Esophageal Motility disorders are not uncommon in gastroenterology. The spectrum of these disorders ranges from the well-defined primary esophageal motility disorders (PEMDs) to very nonspecific disorders that may play a more indirect role in reflux disease and otherwise be asymptomatic. Esophageal motility disorders may occur as manifestations of systemic diseases, referred to as secondary motility disorders.

Esophageal motility disorders are less common than mechanical and inflammatory diseases affecting the esophagus, such as reflux esophagitis, peptic strictures, and mucosal rings. The clinical presentation of a motility disorder is varied, but, classically, dysphagia and chest pain are reported. In 80% of patients, the cause of a patient's dysphagia can be suggested from the history, including dysmotility of the esophagus. Before entertaining a diagnosis of a motility disorder, first and foremost, the physician must evaluate for a mechanical obstructing lesion.

For more information, please see www.emedicine.com/med/TOPIC740.HTM eMedicine – http://emedicine.medscape.com/article/174783-overview

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Enthesopathies In medicine, an enthesopathy refers to a disorder of entheses (bone attachments).  If the condition is known to be inflammatory, it can more precisely be called a enthesitis. Enthesopathies are disorders of peripheral ligamentous or muscular attachments.
Examples include spondoarthropathy such as ankylosing spondylitis, plantar fascitis, and Achilles tendinitis

  • Adhesive capsulitis of shoulder
  • Rotator cuff syndrome of shoulder and allied disorders
  • Periarthritis of shoulder
  • Scapulohumeral fibrositis
  • Enthesopathy of elbow region
  • Enthesopathy of wrist and carpus
  • Bursitis of hand or wrist
  • Periarthritis of wrist
  • Enthesopathy of hip region
  • Bursitis of hip
  • Gluteal tendinitis
  • Iliac crest spur
  • Psoas tendinitis
  • Trochanteric tendinitis
  • Enthesopathy of knee
  • Enthesopathy of ankle, tarsus and calcaneous
  • Other peripheral enthesopathies
  • Unspecified enthesopathy

For more information, please see

http://www.wrongdiagnosis.com/e/enthesopathy/intro.htm

 

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Dysmenorrhea refers to the syndrome of painful menstruation. Primary dysmenorrhea occurs in the absence of pelvic pathology, whereas secondary dysmenorrhea results from identifiable organic diseases, most typically endometriosis, uterine fibroids, uterine adenomyosis, or chronic pelvic inflammatory disease. The prevalence of dysmenorrhea is estimated to be between 45 and 95% among reproductive-aged women. Although not life threatening, dysmenorrhea can be debilitating and psychologically taxing for many women and is one of the leading causes of absenteeism from work and school.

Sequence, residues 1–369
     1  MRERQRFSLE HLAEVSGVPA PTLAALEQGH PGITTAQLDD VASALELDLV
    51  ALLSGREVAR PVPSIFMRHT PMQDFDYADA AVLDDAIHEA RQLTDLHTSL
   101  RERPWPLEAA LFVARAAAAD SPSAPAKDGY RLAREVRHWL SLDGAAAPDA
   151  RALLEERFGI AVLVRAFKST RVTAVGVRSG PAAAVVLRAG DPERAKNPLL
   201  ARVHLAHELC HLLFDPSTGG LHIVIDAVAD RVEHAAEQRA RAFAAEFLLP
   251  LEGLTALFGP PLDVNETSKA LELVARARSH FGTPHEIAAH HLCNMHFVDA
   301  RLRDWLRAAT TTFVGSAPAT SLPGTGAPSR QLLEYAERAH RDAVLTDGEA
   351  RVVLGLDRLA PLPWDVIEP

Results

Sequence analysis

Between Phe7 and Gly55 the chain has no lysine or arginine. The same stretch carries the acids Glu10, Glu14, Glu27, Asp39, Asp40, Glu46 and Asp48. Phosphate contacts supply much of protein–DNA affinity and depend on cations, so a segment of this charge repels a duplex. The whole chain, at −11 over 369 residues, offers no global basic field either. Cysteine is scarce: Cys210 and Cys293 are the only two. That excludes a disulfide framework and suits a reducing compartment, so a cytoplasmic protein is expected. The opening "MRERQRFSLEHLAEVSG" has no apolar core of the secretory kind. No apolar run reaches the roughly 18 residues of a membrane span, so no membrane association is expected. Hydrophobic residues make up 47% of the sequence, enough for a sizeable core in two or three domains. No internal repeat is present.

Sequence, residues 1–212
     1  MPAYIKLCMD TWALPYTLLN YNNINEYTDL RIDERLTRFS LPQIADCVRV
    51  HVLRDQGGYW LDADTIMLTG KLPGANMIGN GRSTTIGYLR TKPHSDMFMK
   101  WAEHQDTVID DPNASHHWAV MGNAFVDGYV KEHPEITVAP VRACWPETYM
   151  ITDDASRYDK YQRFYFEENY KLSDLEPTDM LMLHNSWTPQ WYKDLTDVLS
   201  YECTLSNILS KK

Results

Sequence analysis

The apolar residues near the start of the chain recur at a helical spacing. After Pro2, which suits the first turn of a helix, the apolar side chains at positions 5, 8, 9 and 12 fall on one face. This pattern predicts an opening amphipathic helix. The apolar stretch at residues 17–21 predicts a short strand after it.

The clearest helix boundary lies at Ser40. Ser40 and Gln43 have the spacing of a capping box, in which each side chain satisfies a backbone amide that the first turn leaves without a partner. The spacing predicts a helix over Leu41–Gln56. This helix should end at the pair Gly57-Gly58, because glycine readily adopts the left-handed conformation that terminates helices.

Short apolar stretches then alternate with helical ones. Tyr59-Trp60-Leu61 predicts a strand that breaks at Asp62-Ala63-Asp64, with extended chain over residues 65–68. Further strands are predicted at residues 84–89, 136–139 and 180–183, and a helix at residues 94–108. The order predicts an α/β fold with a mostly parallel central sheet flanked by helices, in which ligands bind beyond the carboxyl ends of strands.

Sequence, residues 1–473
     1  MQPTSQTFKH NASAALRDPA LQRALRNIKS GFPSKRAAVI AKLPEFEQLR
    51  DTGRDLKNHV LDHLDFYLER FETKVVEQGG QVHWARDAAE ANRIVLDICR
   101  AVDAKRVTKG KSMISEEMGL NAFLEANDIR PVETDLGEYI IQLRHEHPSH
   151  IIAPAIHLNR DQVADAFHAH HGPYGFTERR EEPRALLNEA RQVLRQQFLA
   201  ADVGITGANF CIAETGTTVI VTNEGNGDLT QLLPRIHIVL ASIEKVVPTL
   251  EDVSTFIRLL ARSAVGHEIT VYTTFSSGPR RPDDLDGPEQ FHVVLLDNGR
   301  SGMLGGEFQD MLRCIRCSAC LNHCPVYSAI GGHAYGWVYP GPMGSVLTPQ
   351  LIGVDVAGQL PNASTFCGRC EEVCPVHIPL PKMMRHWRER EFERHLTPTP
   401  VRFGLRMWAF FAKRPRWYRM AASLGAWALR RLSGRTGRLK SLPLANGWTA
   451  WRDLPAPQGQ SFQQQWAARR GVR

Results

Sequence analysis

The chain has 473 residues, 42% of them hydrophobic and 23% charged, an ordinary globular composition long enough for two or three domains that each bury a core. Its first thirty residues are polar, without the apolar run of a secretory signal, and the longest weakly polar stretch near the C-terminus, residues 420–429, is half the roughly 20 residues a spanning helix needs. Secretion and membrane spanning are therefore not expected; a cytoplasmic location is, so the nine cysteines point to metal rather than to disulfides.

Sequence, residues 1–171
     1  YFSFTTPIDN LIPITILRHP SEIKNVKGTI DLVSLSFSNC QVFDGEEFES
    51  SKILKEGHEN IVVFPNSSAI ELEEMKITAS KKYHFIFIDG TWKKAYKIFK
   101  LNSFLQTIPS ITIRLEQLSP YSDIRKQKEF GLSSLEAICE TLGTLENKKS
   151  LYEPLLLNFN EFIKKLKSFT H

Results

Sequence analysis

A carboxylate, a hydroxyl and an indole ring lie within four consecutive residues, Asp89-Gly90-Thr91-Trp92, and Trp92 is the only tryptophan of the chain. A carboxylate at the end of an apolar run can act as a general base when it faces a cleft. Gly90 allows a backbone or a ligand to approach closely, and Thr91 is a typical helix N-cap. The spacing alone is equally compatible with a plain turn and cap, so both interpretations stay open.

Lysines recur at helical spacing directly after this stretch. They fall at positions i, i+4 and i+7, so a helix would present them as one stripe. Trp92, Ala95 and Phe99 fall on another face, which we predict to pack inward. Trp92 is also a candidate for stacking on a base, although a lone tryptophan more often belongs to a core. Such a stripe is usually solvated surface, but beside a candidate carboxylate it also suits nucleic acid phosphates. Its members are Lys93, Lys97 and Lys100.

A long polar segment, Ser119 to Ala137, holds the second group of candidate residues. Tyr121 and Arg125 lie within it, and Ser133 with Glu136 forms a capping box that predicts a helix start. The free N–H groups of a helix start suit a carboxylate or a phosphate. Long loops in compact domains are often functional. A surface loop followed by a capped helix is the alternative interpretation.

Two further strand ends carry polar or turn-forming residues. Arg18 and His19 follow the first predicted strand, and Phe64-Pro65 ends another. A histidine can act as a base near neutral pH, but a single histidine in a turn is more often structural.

American Congress of Obstetricians and Gynecologists – http://www.acog.org/publications/patient_education/bp046.cfm

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A condition in which tissue lining the uterus (endometrium) begins to grow in other regions of the body.  This growth causes pain, irregular bleeding, and possible infertility.  This tissue growth usually occurs in the pelvic area, outside the uterus, on the ovaries, bowel, rectum, bladder, and the lining of the pelvis.  Though, these growths can also occur in other areas of the body.

This continual process can eventually cause scars (adhesions) on the tubes, ovaries, and surrounding structures in the pelvis.  Buildup of scars causes high pain.

Sometimes running in the family, the condition is typically diagnosed between the ages of 25-35; probably around the time menstruation begins.  Women with a mother or sister previously diagnosed with endometriosis are six times more likely to develop the disease.

The Endometriosis Association - http://www.endometriosisassn.org/

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Depression in fibromyalgia is a controversial topic. In support of the contention that fibromyalgia is not a psychiatric illness, some authors believe that no correlation exists between fibromyalgia symptoms and psychological factors; others have determined that fibromyalgia is not a psychiatric disorder. The depression associated with fibromyalgia is believed to result from the pain, sleep deprivation, and dysfunction.

Depression in fibromyalgia may be treated with a regimen that includes nonpharmaceuticals. Antidepressants may help, but the clinician also should address other symptoms, such as fatigue or pain. Modifying diet and practicing good sleep hygiene are crucial. Starting a rehabilitation exercise program also is important. Some authors suggest that behavioral modification techniques and stress management also should be employed.

For further information, please see http://fmscommunity.org/fibro.htm The National Institute of Mental Health (NIMH) – http://www.nimh.nih.gov/health/topics/depression/index.shtml

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